Japan’s resort areas are seeing a dramatic polarization of their property markets. Some areas, such as Karuizawa and Okinawa are seeing prices rise, while other areas are seeing year-on-year falls. Why is this happening?
The main buyers of resort apartments are baby-boomers and retirees. These buyers are seeking a comfortable climate in an area with suitable amenities. As such, Okinawa with its warm climate all year-round, and Karuizawa with its cool summers and convenience to Tokyo are hot spots for the baby-boomer generation.
According to Tokyo Kantei, the average asking price of a 70sqm second-hand apartment in Karuizawa between January and February 2013 was 22,450,000 Yen – 3.6% higher than in 2012. Prices are now 16.1% higher than they were when they hit a recent bottom in 2009.
In Okinawa’s Nakagami District, the average asking price of a 70sqm second-hand apartment was 28,660,000 Yen in 2013 – up 9% from the year before.
Meanwhile, apartments in resort towns that have lost their lustre are seeing their values erode year after year. In Yuzawa, Niigata Prefecture, the average apartment price between Jan-Feb 2013 was 3,460,000 Yen – down 4% from 2012 and half of the value they were 10 years ago. It is even possible to find apartments listed for sale for as little as 30,000 Yen (300 USD).
Resort apartments in Yamanakako near Mt Fuji have an average price of 6,060,000 Yen, which is 27% lower than their previous peak in 2006.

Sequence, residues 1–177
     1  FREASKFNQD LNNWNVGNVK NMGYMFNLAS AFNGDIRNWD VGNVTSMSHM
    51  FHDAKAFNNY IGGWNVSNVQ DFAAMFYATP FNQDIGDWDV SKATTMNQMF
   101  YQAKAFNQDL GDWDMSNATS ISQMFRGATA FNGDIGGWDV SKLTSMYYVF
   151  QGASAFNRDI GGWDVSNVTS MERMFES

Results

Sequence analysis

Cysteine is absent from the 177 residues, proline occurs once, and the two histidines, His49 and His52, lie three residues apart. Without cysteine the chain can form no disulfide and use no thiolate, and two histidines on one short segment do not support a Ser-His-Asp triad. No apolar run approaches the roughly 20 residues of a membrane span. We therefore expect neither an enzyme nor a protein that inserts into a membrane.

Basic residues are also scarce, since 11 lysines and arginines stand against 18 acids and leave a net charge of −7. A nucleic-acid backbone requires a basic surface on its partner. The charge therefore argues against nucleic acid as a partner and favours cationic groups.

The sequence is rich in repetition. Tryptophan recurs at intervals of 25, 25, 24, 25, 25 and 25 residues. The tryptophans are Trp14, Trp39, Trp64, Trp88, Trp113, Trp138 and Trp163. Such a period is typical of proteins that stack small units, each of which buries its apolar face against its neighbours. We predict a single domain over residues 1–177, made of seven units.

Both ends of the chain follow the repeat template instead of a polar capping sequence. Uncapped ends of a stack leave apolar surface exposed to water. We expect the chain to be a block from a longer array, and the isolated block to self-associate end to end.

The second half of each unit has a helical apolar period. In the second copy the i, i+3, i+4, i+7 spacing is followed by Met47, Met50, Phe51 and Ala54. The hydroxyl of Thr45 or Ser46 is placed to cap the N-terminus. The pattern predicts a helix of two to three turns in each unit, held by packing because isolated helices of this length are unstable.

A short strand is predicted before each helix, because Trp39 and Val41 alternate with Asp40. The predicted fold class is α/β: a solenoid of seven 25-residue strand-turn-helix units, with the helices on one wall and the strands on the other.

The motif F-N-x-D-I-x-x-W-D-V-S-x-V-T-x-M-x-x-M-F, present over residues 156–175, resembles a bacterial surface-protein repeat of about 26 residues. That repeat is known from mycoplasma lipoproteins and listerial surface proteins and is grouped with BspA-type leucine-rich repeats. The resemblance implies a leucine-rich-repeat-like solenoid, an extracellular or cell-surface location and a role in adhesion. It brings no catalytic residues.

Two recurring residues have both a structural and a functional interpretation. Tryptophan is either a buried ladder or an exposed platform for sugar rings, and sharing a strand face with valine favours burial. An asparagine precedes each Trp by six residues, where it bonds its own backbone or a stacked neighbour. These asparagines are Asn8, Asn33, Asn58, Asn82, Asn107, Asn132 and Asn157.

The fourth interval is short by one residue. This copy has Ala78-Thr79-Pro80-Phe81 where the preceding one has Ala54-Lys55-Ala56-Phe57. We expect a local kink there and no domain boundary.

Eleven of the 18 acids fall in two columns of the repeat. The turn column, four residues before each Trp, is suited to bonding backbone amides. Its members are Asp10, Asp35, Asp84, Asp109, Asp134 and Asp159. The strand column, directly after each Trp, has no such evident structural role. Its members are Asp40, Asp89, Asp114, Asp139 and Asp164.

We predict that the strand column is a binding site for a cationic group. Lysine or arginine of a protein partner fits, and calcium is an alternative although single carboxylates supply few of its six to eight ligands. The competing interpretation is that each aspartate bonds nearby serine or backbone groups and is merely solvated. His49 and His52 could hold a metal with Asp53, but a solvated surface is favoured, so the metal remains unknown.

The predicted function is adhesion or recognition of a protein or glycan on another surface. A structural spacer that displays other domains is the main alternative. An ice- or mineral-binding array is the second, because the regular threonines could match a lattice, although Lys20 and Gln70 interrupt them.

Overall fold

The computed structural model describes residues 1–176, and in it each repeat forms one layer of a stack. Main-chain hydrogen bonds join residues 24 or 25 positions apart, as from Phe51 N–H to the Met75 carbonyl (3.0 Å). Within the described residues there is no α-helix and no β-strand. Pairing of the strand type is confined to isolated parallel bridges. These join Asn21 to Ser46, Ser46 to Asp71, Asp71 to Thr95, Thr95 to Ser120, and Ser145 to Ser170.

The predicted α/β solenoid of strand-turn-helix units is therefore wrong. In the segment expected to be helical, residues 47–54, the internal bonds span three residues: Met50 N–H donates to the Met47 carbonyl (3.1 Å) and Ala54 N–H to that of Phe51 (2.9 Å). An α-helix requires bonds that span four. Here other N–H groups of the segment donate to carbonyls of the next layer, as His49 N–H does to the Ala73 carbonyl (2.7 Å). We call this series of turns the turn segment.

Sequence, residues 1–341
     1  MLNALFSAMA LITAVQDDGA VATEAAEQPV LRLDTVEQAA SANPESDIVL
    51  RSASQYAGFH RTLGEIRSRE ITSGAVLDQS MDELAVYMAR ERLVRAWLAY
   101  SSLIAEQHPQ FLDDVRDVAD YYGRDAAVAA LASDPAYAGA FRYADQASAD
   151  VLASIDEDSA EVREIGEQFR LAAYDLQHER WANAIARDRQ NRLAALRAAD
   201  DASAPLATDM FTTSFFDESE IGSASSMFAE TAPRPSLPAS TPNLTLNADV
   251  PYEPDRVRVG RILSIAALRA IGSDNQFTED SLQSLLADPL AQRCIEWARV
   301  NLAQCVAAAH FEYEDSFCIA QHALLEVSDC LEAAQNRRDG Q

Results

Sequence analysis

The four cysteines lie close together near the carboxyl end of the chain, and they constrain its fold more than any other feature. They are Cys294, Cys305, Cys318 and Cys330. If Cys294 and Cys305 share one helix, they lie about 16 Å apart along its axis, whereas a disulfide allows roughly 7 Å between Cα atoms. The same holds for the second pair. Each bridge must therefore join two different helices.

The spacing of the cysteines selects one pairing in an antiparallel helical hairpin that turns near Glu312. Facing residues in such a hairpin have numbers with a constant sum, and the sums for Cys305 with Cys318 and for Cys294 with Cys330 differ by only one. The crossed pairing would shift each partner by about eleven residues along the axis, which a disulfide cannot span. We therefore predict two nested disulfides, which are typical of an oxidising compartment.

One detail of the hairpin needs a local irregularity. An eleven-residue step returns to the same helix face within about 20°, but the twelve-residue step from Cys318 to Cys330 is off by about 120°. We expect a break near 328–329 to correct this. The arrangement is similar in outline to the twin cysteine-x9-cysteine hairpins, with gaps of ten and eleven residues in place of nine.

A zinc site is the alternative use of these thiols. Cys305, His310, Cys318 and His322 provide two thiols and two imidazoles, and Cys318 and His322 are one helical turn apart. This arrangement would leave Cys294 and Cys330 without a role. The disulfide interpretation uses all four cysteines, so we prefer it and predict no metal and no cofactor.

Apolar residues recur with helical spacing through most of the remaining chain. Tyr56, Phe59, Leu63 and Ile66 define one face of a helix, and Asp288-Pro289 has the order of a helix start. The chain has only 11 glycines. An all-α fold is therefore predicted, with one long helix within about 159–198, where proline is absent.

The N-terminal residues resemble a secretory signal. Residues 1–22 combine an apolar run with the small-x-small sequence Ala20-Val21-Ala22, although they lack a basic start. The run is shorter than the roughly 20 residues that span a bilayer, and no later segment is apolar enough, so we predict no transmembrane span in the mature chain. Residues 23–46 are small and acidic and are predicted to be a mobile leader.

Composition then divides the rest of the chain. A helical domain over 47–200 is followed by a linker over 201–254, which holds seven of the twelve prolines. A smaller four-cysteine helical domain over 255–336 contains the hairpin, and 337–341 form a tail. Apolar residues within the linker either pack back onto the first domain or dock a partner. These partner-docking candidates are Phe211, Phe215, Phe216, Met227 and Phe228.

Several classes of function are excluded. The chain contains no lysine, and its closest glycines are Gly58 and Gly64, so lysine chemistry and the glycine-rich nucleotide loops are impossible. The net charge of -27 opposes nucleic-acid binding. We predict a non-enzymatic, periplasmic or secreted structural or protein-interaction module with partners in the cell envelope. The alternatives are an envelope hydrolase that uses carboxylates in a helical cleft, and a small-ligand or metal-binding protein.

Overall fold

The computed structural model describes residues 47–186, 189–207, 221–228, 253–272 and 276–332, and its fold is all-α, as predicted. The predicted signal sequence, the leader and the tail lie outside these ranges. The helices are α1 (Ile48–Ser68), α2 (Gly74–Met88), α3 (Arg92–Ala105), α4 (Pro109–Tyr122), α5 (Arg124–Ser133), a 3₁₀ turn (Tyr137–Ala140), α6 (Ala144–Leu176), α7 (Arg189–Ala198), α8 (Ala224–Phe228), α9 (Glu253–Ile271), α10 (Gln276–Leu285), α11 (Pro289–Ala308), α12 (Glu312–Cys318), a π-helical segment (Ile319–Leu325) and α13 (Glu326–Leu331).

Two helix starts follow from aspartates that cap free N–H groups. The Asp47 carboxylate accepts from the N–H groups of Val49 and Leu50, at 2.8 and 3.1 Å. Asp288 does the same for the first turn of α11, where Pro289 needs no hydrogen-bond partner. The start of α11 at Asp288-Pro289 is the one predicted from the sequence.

Unlike Karuizawa and Okinawa, these areas have trouble attracting retirees. In Yuzawa, many of the resorts were built at the peak of the bubble economy when the town was in the midst of a ski-boom. As a result, the apartments and facilities were built to cater primarily to ski tourists. For retirees and the older generation whose skiing days are behind them, there is little else to encourage them to settle in the town.
Yamanakako is well-known as a scenic area. While prices are relatively cheap, apartment management fees are particularly high and be as much as 100,000 Yen a month on some apartments.
Resort Memberships as an alternative to buying
Demand for resort-living is declining. In the past it was a status symbol to own a holiday home in a resort area, but fewer consumers are subscribing to this belief anymore.
There is now a shift towards buying resort memberships rather than a holiday home. These memberships provide the member with a set number of days each year that can be used to stay at a resort. There are no building management fees or maintenance issues to worry about.
According to Yokohama-based resort member brokerage ‘e-kaiinken’, the average price of resort membership in March 2013 was 1,580,000 Yen (16,000 USD), up 7.4% from February.
Areas such as Yamanakako and Lake Hamana, which are both seeing property prices falling, are seeing a noticeable increase in the price of resort membership fees.
The Nikkei Shimbun, April 13, 2013.
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